Yesterday we talked about the power of a label like "full of potential." We slap it on others when we believe their inherent giftedness puts them on a trajectory for greatness if...they learn to apply themselves and live up to that potential. The problem is, however, such a label makes it impossible for them to ever excel, because even their greatest successes were always expected of them. Most of the time, these potentially amazing people live with a constant shame of never measuring up to the greatness always predicted of them.
I had a number of you write in to tell me about your experience with that infamous label, including one woman whose efforts to live up to her expected potential left her in the hospital with mental illness.
Truth is, I've seen this happen a lot. Just this week, I helped a family whose 15yo son has been cutting himself to release some of the academic pressure of AP classes. I've also been coaching a supremely successful businesswoman who still feels deeply inadequate because, as she says, "with my IQ, I know I should be doing so much more." (Perhaps this helps explain the shock of so many high achievers who commit suicide--Anthony Bourdain and Kate Spade this year, for instance).
This brings up a few thoughts:
1. Academic intelligence is but one measure of human capability. Emotional intelligence, we now know, is another. Social intelligence, the awareness of relational dynamics involved in a situation, is another. While these are hugely important, (and I like to think I'm helping people grow in these areas), I'm not in favor of developing standardized tests to measure EQ and SQ, however, because that could also set up yet one more expectation for those scoring highly.
2. The best way to help people develop internal goals is to believe in them, not place upon them external expectations of achievement. Does it help to outline behavioral rules, time schedules, and consequences? Of course. But the TONE of how those are presented means everything:
If we start out believing our employees, or our children, have no desire to excel, grow, obey, or self-start, then our tone is going to be one of demanding expectations, and we'll work very hard trying to motivate these folks. (Then maddeningly, these followers will start to live down to our beliefs in their inherent lack of initiative, and we feel even more desire to motivate...and the spiral continues).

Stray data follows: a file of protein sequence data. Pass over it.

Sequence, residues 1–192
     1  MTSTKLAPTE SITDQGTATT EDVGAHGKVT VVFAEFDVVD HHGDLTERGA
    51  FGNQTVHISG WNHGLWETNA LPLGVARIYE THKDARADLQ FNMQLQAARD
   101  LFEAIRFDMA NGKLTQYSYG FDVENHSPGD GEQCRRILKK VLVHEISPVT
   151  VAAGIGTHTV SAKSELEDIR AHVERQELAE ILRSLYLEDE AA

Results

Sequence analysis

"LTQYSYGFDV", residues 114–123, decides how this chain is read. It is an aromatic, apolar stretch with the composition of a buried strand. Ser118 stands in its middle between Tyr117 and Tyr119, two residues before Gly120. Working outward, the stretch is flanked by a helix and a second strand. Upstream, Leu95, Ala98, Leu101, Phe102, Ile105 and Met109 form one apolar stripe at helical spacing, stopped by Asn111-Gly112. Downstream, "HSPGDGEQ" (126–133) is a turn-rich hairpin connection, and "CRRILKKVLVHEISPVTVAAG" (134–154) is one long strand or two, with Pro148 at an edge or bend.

If we start out projecting a belief in our people, however, our tone is one of partnership, leading them towards the goals and motivations they already possess. This means one-on-one conversations more than group pronouncements. This means smiles more than stare-downs. This means questions about their dreams more than statements about our needs for them to perform (or even worse...their needs to live up to their potential)
3. The main expectations we need to emphasize to others we lead is what they can expect from us as their leader. So many leaders I've worked with makes lists of expectations to give to their employees or kids, but this NEVER engenders the kind of self-motivation, respect for authority, or obedience they crave.
On the other hand, leaders who lay out a list of what their followers can expect from them? Well, think about it. If you received such a list from a boss, outlining their own personal commitments to you, to which you can hold them accountable, what would your response be? What if you got such a list from your parents? Something like this:
a. No matter what, I will never yell at you or use violence against you. b. I will never blame you for my decisions/reactions. c. I will follow through, in a calm, matter-of-fact way, on any promises I make, including consequences for your behavioral choices. d. I promise to not take your choices personally. I will take them seriously, but not personally. e. I will be on time, with a commitment to be both present and pleasant. f. I will ask you what you're think you're capable of, and hold you to that standard, instead of telling you what I think your potential is.
The beauty of giving such a list first is that then you can ask your people to hold you accountable to your own internal goals and standards. That, in turn, creates a culture where everyone makes such lists, and thus people are thinking about their own behavior, goals, and standards more than anyone else's.
And it eliminates all possible need for talking to others about their potential.